The political party of Central Africa’s ousted leader threw its support on Tuesday behind former prime minister Anicet-Georges Dologuele’s bid for the presidency in polls on Sunday seen as crucial to ending years of bloodshed.
Francois Bozize was toppled as president in 2013 when mainly Muslim Seleka rebels seized power in the majority Christian nation. Their abuses sparked reprisals by Christian anti-balaka militias, plunging the former French colony into a cycle of inter-religious killing that has led to de facto partition.
Bozize, who has lived in exile mainly in Uganda since he was deposed, saw his own candidacy for the Dec. 27 election rejected by the constitutional court earlier this month, but still has support among many Central Africans.
“We are going to do what we can so that you win the election in the first round,” said Bertin Bea, secretary general of Bozize’s Kwa Na Kwa party. “You have the support of the party, the support of activists and the support of President Francois Bozize.”
Elections in Central African Republic have faced repeated delays. A constitutional referendum – the first step in a process of holding presidential and legislative elections to restore democratic rule following two successive transitional governments – was held on Dec. 13.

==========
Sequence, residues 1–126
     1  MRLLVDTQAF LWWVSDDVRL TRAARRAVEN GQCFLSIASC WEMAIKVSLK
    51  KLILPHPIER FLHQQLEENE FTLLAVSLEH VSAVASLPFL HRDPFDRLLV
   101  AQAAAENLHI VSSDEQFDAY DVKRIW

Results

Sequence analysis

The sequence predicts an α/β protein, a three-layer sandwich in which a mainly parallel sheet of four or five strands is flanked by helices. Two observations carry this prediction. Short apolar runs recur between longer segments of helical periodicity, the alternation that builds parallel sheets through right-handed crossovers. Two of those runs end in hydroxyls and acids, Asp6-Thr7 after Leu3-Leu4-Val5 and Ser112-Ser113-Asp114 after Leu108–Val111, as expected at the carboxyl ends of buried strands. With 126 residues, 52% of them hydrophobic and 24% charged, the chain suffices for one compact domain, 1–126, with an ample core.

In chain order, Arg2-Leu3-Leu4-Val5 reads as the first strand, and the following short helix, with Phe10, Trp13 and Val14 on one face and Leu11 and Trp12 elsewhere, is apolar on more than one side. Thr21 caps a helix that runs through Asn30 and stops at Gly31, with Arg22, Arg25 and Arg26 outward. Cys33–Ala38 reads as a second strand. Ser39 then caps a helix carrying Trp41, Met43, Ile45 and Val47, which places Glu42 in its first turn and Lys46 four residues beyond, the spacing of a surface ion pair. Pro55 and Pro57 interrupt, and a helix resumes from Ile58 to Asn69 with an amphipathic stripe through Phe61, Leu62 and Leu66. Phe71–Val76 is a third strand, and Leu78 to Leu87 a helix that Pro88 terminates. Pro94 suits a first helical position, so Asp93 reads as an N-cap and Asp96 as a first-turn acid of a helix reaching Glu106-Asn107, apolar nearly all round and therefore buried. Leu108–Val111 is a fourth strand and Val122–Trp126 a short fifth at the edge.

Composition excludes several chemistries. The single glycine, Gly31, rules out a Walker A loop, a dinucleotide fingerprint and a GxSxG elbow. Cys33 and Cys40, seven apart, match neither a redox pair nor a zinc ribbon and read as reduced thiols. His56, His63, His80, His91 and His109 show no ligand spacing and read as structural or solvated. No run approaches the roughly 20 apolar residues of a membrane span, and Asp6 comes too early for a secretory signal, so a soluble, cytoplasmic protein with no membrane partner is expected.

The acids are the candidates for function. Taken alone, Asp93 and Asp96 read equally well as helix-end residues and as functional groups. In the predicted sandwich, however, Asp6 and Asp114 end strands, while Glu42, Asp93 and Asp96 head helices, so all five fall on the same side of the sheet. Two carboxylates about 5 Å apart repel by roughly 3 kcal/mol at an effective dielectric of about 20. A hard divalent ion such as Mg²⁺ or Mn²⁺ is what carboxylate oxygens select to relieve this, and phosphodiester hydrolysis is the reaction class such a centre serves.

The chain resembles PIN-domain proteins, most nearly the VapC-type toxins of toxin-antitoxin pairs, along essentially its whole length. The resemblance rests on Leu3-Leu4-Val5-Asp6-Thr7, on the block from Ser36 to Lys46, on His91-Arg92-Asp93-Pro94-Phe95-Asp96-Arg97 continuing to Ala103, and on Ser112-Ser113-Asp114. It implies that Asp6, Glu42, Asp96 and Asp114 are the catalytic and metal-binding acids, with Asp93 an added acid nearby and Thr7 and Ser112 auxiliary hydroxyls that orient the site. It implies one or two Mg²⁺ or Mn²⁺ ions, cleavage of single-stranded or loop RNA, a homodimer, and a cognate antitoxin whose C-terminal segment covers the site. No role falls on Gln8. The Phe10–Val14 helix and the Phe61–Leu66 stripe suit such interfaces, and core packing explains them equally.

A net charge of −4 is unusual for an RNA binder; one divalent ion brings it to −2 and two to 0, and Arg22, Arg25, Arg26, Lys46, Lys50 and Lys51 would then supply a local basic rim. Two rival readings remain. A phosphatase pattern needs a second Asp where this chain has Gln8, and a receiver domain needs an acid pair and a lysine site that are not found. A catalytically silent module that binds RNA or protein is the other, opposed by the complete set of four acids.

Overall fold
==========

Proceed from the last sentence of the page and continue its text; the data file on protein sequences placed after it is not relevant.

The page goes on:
Some 93 percent of voters cast ballots in favour of the new constitution, paving the way for the polls, though turnout was just 38 percent, the elections commission said on Tuesday.
The government that succeeded Bozize issued an international warrant for his arrest, accusing him of crimes against humanity and incitement to genocide during his decade in power, allegations he rejects. He is also subject to a United Nations travel ban and asset freeze.
However Bozize remains popular with many Central Africans, particularly in the southwest, and his party’s support will bolster Dologuele’s chances at the polls.
“With this agreement, you join in the possibility of returning to the management of power,” Dologuele told Kwa Na Kwa members following the announcement of the deal.
Thousands have died and around one in five Central Africans has fled violence. Fighting that began as clashes between rival militias has degenerated into a conflict between Christians and Muslims.
The country is rich in diamonds, uranium, gold, oil and other assets which are coveted by the rival factions as well as by foreign interests.
(Additional reporting by Sebastien Lamba; Writing by Makini Brice; Editing by Joe Bavier)